Battery Hagner

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Battery Hagner (1906-1932) - Battery Peter Hagner was a reinforced concrete, Endicott Period 3 inch coastal gun battery on Fort Terry, Plum Island, Suffolk County, New York. The battery was named in G.O. 194, 27 Dec 1904, after Bvt. BG Peter V. Hagner (Cullum 866), U.S. Army (Col., Ordnance Department), who served with distinction during the Mexican-American War and the U.S. Civil War, and who died 11 Mar 1893. Battery construction started in October 1903, was completed in October 1906 and transferred to the Coast Artillery for use 22 Nov 1906 at a cost of $ 15,924.00. Deactivated in 1932.

Endicott Period

Part of the Harbor Defense of Long Island Sound.

Originally built as an Endicott Period concrete coastal gun battery with two 3" M1903 guns mounted on M1903 Pedestal mounts. This was a two story battery with the guns on the upper level and the magazines on the lower level. Shells were moved from the magazine level to the gun loading platform by hand. No shell or powder hoists provided. Electrical power was furnished by the Quartermaster post power plant.

The guns were not mounted until 10 Jun 1909.

Battery Hagner Armament (edit list)
Model Serial
Manufacturer Carriage Service
1 3" Rifle 170" M1903 59 Watervliet Pedestal mounts,
M1903, #90, Detrick & Harvey
1909-1932 See note 1
2 3" Rifle 170" M1903 55 Watervliet Pedestal mounts,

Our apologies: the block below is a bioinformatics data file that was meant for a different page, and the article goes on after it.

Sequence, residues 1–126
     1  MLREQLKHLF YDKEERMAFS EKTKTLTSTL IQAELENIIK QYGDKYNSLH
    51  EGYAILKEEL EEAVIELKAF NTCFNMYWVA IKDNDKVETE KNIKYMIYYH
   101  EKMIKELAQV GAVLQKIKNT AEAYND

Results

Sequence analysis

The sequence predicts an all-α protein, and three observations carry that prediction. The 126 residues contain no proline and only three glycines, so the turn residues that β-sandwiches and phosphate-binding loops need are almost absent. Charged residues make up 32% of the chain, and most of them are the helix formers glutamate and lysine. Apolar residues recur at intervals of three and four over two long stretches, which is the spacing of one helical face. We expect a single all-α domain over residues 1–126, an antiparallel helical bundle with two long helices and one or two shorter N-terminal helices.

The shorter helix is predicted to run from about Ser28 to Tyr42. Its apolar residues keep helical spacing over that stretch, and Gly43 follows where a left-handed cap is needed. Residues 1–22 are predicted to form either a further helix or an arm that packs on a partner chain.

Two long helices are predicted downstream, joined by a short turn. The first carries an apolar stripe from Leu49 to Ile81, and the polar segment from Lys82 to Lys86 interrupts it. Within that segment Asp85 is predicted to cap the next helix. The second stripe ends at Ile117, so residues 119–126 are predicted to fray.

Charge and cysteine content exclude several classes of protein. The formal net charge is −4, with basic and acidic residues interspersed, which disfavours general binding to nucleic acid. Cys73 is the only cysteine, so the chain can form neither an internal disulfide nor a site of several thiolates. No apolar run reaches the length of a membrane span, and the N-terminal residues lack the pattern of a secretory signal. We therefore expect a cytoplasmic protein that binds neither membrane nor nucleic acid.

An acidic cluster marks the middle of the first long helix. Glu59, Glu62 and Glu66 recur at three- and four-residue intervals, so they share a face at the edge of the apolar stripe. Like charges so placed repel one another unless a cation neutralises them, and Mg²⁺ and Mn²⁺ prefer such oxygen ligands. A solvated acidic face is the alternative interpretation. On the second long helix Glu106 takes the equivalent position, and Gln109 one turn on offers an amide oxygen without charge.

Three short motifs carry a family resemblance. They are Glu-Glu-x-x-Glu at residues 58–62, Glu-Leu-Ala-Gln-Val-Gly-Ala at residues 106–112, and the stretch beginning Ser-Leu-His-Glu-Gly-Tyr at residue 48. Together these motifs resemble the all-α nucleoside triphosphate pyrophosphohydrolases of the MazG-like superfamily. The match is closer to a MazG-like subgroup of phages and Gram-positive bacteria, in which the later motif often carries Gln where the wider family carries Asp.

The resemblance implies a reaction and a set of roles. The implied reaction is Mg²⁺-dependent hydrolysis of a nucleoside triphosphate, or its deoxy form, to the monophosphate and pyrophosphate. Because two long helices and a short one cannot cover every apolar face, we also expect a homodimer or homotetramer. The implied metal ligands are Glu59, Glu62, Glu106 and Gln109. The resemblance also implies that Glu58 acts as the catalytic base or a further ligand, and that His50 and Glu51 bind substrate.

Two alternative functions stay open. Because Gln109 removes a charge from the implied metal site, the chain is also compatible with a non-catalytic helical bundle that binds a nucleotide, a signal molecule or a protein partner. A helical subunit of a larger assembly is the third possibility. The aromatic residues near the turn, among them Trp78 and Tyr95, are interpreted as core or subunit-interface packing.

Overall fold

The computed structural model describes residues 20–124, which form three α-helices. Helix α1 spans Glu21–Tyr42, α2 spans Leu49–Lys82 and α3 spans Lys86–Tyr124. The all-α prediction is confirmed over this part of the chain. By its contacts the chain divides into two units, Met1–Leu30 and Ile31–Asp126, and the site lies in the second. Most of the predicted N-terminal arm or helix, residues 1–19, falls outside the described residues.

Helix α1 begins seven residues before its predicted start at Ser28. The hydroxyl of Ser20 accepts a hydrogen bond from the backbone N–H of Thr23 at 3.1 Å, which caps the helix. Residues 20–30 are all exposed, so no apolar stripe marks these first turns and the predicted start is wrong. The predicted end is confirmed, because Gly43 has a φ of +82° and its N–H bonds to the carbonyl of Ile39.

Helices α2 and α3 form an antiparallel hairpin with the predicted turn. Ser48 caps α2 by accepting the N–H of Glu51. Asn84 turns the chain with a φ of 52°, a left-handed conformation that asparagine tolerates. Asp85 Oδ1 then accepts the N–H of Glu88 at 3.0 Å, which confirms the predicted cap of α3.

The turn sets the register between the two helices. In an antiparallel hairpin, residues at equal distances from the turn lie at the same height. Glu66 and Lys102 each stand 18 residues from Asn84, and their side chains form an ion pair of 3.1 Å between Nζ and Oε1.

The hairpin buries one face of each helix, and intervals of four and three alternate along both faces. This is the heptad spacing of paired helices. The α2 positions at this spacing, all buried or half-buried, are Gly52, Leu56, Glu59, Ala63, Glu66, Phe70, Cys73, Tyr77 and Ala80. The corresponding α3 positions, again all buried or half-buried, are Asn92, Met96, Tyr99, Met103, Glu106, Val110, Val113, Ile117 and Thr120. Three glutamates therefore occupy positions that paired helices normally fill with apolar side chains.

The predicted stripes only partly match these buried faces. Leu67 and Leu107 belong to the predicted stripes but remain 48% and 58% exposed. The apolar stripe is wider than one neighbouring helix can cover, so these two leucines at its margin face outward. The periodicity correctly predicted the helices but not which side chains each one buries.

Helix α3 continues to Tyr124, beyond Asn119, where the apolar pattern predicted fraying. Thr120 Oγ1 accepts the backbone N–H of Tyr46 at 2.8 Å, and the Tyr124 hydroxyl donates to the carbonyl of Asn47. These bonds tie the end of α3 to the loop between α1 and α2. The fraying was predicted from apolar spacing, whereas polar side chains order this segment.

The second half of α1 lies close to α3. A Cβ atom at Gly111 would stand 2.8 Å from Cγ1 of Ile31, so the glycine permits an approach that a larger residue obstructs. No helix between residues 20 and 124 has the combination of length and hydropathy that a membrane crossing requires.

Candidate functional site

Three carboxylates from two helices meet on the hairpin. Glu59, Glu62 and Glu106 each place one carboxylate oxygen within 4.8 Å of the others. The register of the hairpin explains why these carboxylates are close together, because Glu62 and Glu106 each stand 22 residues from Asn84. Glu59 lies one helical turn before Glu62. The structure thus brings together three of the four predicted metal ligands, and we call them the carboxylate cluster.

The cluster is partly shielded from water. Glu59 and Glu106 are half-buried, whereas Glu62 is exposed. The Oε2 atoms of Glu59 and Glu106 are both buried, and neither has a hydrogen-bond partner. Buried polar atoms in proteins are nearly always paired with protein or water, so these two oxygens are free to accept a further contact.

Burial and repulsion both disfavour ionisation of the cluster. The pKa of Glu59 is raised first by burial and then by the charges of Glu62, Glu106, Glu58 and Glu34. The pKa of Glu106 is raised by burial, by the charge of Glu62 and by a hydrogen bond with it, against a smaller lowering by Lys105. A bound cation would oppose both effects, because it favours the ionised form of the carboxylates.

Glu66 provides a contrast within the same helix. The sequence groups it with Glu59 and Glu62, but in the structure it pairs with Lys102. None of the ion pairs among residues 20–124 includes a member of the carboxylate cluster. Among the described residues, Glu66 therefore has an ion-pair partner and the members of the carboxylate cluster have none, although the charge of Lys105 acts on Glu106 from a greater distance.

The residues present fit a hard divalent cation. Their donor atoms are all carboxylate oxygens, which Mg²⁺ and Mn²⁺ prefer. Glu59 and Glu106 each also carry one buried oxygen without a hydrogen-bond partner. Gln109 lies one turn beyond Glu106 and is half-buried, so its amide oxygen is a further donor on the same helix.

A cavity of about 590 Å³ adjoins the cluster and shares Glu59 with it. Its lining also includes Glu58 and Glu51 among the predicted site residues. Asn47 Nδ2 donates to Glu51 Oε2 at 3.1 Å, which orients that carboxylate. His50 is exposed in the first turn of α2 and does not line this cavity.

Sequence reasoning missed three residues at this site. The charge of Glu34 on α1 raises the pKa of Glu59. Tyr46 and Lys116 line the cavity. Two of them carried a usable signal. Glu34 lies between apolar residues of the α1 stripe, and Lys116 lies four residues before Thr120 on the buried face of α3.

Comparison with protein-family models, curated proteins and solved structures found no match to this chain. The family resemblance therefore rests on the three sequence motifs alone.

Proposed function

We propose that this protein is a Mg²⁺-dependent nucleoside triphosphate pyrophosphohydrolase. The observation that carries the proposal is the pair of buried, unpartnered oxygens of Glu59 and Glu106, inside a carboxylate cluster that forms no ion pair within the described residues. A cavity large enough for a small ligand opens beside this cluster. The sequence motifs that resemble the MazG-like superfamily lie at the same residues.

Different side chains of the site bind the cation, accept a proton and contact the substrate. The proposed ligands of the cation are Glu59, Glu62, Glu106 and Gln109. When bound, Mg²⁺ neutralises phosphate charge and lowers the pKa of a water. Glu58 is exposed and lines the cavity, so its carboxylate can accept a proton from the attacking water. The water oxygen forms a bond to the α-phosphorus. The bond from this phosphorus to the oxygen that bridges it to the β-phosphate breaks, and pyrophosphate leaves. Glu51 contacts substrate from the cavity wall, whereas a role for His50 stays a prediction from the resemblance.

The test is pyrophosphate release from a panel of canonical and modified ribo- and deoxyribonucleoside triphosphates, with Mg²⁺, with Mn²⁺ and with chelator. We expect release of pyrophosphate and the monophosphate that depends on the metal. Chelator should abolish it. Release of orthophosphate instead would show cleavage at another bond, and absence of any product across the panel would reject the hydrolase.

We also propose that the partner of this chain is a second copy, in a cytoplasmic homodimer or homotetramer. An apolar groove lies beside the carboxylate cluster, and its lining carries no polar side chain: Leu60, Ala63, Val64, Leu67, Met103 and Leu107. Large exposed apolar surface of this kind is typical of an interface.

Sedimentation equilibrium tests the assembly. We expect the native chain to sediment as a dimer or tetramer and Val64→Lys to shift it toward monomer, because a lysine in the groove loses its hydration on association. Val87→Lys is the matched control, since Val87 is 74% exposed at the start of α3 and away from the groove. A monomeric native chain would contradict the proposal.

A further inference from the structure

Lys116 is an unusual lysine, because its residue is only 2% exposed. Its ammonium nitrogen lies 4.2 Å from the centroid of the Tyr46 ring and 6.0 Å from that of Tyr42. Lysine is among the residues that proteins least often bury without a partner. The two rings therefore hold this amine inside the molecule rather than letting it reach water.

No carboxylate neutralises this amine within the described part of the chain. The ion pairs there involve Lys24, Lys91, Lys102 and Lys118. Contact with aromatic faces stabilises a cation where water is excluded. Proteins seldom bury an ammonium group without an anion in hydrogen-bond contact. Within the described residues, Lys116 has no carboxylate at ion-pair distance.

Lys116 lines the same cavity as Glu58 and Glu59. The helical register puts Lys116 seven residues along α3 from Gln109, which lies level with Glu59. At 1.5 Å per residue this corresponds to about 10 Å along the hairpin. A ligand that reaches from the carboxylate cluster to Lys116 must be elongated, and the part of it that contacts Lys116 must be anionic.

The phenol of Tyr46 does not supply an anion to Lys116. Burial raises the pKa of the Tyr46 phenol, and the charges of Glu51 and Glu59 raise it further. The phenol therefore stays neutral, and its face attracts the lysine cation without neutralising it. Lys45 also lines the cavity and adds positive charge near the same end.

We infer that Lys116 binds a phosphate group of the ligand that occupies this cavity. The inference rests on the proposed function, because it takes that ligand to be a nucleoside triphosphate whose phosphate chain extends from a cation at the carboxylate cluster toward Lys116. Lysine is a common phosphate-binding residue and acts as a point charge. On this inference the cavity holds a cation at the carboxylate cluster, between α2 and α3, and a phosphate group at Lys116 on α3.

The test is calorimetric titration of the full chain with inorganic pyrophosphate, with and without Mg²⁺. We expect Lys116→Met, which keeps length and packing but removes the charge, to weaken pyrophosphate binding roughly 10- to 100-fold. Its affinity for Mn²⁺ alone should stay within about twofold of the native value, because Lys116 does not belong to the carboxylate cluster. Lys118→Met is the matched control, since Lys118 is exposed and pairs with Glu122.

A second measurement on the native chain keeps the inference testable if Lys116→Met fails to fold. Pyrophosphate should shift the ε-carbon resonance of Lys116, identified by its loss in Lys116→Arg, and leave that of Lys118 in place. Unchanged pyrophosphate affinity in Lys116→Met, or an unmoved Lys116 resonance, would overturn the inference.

M1903, #89, Detrick & Harvey
1909-1932 See note 1
Source: RCW Form 1, 1 Nov 1926, Coast Defense Study Group, Berhow, Mark A. ed, American Seacoast Defenses: A Reference Guide, 2nd Edition, CDSG Press, McLean, VA, 2004, ISBN 0-9748167-0-1, pages 74-75, 206
Note 1: Guns mounted 10 Jun 1909. Guns transferred to Fort H.G. Wright, Battery Hoppock, 26 Apr 1933, carriages dismounted and stored 9 Sep 1932. CDSG Gun Card Collection from NARA
Battery Hagner Plan

World War I

The U.S. entry into World War I resulted in a widespread removal of large caliber coastal defense gun tubes for service in Europe. Many of the gun and mortar tubes removed were sent to arsenals for modification and mounting on mobile carriages, both wheeled and railroad. Most of the removed gun tubes never made it to Europe and were either remounted or remained at the arsenals until needed elsewhere. The guns of Battery Hagner were not affected by the World War I redistribution or the following 1920 disarmament program.

In 1932 both guns were removed and sent to Battery Hoppeck, Fort H.G. Wright. The carriages were sent to storage.

Current Status

Now on Plum Island Animal Disease Center (PIADC) operated by U.S. DHS. No period guns or mounts in place.

Location: Plum Island, Suffolk County, New York. Map point may not be accurate.

Maps & Images

Lat: 41.169528 Long: -72.203098

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  • Elevation: 22.54'



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